My current state of affairs lends itself to a lot of… introspective time. I have time to think a lot, read a lot, write a lot (hence this blog), and also play a lot of Tropico, the only computer game I brought to Denver. Call me a dweeb, but being the dictator of a small latin american island seems like it may be fun… in fact I may be changing the “objective” line on my resume before long.

My main passions of late as far as reading goes, have been unfortunately the two things you’re not allowed to talk about at the dinner table: religion and politics. There has been a seemingly more and more talk of late about church and state, especially with recently defeated senatorial candidate being blasted for her apparent ignorance of it appearing in the constitution… which by the way, she got an unfair shake on, and the media forgot to report that her opponent couldn’t even name the freedoms protected in the first amendment a few seconds later. A good point made by a friend is that the founders clearly intended for a division of church and state in our country, they made no mention, and in fact seemingly outright opposed, the separation of GOD and state.

Today, many would have us believe that to even mention God in the context of a political decision or our government is tantamount to Sharia Law in Iran, and is religious fanaticism. Many claim that mentioning God is an affront to atheists, and is in essence an unfair imposition of our belief on theirs. As the founder clearly intended that God be the guiding force in the creation of our country, I propose that those that hold this belief should call a constitutional convention to have the thing rewritten, making it clear that all that “endowed by their creator” and “station which Nature’s God entitled them” nonsense in the Declaration was simply Jeffersonian poetic wordplay, and had/has no real meaning. If there is not popular support for this convention, I then propose that those that hold this belief accept the reality that our founders did not intend for a separation of God and state in our country.

Where frustrations come, understandably, is where one group or party claims that they have God’s vote. I have not read the entire Bible, but I’m relatively certain that God has never voted in an election, he does not hold a particular party, and hasn’t even made any campaign contributions lately. Religion in our country becomes extremely divisive when one party claims that God votes with them.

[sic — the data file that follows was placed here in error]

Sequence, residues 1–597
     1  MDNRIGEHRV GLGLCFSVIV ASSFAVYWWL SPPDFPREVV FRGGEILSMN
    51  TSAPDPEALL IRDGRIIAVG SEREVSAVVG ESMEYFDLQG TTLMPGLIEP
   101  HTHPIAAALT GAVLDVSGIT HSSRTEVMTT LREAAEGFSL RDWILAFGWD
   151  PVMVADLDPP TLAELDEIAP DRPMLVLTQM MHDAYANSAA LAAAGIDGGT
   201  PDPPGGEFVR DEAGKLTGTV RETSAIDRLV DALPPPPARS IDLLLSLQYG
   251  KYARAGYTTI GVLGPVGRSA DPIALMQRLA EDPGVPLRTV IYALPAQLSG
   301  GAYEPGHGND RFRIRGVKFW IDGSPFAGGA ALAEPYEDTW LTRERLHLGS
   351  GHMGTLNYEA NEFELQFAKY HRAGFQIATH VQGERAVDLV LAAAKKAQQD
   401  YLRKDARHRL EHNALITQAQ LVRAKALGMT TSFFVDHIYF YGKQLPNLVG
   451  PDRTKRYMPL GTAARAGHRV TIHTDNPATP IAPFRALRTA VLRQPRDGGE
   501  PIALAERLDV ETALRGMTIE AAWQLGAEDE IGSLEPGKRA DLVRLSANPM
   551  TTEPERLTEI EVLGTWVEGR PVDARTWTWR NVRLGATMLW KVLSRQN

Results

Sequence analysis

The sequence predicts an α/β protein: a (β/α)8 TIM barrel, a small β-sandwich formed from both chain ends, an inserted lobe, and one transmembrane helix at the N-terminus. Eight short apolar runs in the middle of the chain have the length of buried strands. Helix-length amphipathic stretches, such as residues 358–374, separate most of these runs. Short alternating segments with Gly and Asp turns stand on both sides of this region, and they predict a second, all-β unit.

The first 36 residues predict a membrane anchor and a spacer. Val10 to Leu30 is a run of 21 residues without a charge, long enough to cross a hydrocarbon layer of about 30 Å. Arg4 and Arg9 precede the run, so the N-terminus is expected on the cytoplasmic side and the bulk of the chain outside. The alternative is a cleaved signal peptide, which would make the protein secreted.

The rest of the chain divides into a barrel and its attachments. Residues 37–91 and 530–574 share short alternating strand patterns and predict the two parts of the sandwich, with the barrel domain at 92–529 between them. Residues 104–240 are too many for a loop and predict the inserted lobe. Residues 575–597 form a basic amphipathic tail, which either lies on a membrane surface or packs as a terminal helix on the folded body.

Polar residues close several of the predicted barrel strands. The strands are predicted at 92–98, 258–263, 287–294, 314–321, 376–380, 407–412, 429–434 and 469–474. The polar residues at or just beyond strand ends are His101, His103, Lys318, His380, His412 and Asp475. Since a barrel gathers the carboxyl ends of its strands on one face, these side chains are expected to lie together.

A good article by Jim Wallace i read recently begins with the following:

“Abraham Lincoln had it right. The task of Christians should not be to invoke religion and the name of God by claiming God’s blessing and endorsement for all their national policies and practices—saying, in effect, that God is on their side. Rather, Lincoln said, believers should pray and worry earnestly whether they are on God’s side.”

(the link for the article – )

God doesn’t endorse politicians or policies, and no, Sarah Palin does not carry God’s proxy vote, as much as she may wish that be the case. We’re also forgetting the small fact that if God were here, He would not vote, and we would not vote, because He would be the dictator or His altogether perfect plan for us and the world (see the book of Revelation).

So the main takeaways here: God is not a Republican or a Democrat, and probably not even a member of the Green Party. Mixing politics and religion too much can damage your witness, and can drive people away from the faith AND your political views, it’s kind of like a silver bullet for creating divisiveness. Politics is very personal. Religion is very personal. Jesus is even more personal – but we shouldn’t be marginalizing him by claiming He endorses our party. That being said, God should not take a back seat when it comes to our personal political decisions, and we should never be ashamed of the founding fathers’ intent and invoking of His name in the creation of our country, which has a logical and clear application to the governance of our country today.

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